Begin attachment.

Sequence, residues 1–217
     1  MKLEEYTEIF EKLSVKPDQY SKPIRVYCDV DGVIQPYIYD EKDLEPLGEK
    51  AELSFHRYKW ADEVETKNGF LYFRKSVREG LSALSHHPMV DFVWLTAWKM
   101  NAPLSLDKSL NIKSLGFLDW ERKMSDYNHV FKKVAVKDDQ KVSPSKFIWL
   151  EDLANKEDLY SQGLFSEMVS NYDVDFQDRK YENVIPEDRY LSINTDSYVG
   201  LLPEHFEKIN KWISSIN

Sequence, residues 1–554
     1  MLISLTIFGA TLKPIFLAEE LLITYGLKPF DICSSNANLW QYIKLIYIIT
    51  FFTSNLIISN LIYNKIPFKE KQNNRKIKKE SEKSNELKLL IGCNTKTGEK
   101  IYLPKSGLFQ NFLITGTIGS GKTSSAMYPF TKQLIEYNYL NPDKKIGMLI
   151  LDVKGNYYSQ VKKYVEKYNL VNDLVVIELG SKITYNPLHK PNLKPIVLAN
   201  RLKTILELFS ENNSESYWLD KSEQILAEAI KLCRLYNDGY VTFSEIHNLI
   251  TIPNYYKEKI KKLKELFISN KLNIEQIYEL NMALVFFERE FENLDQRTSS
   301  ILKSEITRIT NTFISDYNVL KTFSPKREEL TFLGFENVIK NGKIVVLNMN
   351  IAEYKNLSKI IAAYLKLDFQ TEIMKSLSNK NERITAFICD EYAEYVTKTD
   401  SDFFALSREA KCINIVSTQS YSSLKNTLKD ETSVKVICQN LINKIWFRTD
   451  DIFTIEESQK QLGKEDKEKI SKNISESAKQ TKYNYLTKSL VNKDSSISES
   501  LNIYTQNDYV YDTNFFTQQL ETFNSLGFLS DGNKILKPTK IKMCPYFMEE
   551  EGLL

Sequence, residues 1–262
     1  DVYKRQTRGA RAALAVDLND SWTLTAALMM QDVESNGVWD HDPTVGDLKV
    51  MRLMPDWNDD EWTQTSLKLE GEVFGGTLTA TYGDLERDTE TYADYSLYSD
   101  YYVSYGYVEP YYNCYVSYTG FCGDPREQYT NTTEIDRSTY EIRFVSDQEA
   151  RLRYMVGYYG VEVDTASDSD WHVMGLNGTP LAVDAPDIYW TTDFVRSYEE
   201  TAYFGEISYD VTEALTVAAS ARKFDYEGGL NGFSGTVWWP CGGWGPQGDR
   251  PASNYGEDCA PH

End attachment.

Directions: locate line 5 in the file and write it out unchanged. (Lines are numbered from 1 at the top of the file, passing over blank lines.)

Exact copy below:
   151  EDLANKEDLY SQGLFSEMVS NYDVDFQDRK YENVIPEDRY LSINTDSYVG